Snake In A Christmas Tree Confirms World's Suspicions About Australia


Stephen Luntz

Stephen has a science degree with a major in physics, an arts degree with majors in English Literature and History and Philosophy of Science and a Graduate Diploma in Science Communication.

Freelance Writer

snake in a tree

It does look good, but this isn't the tree ornament most people want. Snake Catcher Victoria/Facebook

Christmas can be a dangerous time of year for everyone. There's the conflict in unhappy families, the dangers of drunk driving, the risk of overeating, the snakes in the Christmas tree. The last might be less common than the others, but one Australian found a meter-long (3.3-foot-long) tiger snake pretending to be tinsel as it wound its way through the branches of her plastic Christmas tree.

Tiger snakes (Notechis scutatus) get their name from their stripes, but the association with danger is real, as they are one of the most venomous species in Australia, and therefore the world.


Despite tiger snakes' popular reputation for aggression, "the only time the snake becomes a dangerous animal is when somebody tries to hurt it,” said snake catcher Barry Goldsmith, who alerted the world to the discovery through a Facebook post.

The event occurred at a house in Frankston, which is a long-established suburb of Melbourne, not some distant bush shack. The homeowner, identified only as Cheryl, was the ideal client, Goldsmith reported in the post. “She didn't panic, she just took a photo and sent it to the snake catcher, me, and 20 minutes later I had the little bugger in a bag.”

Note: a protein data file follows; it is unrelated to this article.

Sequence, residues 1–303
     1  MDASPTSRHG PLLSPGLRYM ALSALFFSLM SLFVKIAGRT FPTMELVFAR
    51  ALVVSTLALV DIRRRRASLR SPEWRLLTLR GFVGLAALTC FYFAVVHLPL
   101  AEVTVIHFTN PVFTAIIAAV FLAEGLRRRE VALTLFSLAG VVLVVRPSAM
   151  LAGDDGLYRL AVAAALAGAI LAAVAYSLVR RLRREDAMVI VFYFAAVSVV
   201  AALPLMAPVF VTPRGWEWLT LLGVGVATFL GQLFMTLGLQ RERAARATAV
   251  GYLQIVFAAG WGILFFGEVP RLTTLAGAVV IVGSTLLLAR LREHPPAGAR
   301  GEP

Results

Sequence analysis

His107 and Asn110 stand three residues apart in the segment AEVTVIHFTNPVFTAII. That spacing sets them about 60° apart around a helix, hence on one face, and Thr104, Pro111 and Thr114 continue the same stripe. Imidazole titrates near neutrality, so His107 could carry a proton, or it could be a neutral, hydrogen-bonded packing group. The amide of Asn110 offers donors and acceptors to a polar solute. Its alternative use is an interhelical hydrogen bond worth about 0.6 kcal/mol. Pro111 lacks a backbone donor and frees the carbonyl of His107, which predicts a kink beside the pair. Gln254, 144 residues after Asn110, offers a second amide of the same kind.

Goldsmith has patiently explained many times to questions on Facebook that the snake entered the house when someone left the door open. Australians may insist on decorating their Christmas trees with images of snow and reindeer, but the summer conditions bring out the snakes. Nevertheless, Goldsmith told the ABC that the find was a first.

"Although I have found them around the base of a Christmas tree in amongst the presents in the past, I've never found one up inside a Christmas tree," he said. On his page, he reported having found snakes “in bookcases, and on kitchen sinks and benches.” It is unlikely Australia's tourism authority will thank him for revealing this to the world.


Goldsmith released the snake well away from human habitation. In the video below, Goldsmith says: “There is no such thing as a rich snake catcher,” although he's probably got so much publicity, he has cornered the market for Melbourne at least.


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